Privacy rights in light of potential expansion of surveillance

We’ve been looking in our last couple posts at the issue of government surveillance, and particularly at the concerns that are being raised about potential expansion of surveillance under President Trump given his selections for Attorney General and CIA director.

The concern, for many, is that the war on terror will continue to serve, as it has in the past, as a justification for encroaching on the privacy interests of Americans. Privacy rights are not absolute, of course, but the Fourth Amendment was established in order to ensure that citizens are not subjected to unreasonable searches and seizures. Expansion of surveillance is bound to raise the discussion of privacy, as it should, if not Fourth Amendment issues.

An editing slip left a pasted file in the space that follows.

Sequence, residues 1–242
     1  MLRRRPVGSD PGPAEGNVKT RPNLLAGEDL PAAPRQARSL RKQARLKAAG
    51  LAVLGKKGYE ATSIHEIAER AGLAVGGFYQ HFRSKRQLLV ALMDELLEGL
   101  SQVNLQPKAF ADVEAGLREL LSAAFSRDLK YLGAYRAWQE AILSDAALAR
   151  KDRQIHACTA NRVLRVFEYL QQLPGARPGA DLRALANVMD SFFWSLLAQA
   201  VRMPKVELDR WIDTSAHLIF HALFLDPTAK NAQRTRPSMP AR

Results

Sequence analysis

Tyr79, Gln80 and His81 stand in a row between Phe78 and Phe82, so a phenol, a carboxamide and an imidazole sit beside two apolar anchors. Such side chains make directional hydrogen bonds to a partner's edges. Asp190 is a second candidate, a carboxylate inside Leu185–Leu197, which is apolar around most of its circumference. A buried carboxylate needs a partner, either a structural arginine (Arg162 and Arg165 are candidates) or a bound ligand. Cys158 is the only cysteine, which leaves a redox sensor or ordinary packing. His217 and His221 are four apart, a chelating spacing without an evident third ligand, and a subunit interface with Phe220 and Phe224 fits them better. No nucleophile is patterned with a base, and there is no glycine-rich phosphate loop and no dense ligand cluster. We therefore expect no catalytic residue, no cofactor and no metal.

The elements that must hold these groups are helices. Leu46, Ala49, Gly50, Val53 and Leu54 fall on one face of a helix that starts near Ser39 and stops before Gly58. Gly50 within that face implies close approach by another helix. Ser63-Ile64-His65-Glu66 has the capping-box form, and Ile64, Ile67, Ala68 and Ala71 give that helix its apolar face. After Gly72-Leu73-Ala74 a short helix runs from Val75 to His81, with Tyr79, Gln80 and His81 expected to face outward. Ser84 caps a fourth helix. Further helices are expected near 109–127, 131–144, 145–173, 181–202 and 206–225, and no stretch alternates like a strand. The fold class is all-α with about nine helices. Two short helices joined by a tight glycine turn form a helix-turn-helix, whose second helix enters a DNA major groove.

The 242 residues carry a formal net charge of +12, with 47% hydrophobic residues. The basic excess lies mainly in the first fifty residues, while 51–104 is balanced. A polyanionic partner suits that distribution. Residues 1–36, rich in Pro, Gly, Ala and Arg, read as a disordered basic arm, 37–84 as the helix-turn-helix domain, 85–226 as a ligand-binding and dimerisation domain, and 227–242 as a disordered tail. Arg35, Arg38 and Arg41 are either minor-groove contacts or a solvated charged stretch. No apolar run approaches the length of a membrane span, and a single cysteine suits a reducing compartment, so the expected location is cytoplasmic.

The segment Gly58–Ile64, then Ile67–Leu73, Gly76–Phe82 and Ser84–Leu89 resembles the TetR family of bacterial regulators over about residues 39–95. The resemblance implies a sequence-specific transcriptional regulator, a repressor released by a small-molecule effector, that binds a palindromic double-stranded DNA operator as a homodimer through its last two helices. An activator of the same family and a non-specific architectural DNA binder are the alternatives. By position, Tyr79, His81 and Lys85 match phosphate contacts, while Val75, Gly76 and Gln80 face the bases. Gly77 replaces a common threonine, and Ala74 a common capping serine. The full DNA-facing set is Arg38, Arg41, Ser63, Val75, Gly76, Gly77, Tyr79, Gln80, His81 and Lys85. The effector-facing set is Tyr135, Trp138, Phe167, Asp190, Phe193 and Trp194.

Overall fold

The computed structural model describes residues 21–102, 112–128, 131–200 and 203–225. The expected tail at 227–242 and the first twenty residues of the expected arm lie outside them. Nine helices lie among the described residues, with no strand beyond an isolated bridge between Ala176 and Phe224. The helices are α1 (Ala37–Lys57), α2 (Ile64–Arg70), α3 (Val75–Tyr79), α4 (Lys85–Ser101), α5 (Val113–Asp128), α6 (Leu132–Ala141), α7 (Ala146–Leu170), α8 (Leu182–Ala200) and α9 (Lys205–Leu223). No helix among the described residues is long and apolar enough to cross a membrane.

Fourth Amendment issues are always important to explore in any criminal investigation, but especially in criminal investigations involving evidence stored on computers, Internet networks and mobile devices. Technology is changing rapidly, of course, and law enforcement has to continually adapt in order to respond to these changes.

The risk of government overreach in the area of searches and seizures is ever-present, and criminal defendants should be aware of this and work with an experienced attorney who will ensure that their rights are zealously advocated in court. In cases where privacy rights are infringed, certain remedies are available that can help to mitigate constitutional violations.

Taking advantage of these protections requires working with an advocate who has a firm grasp of the law and who knows how to navigate the legal process, including how to preserve legal issues on record for later appeal. Our firm can provide that kind of advocacy for criminal defendants and ensure that they have the best possible representation.


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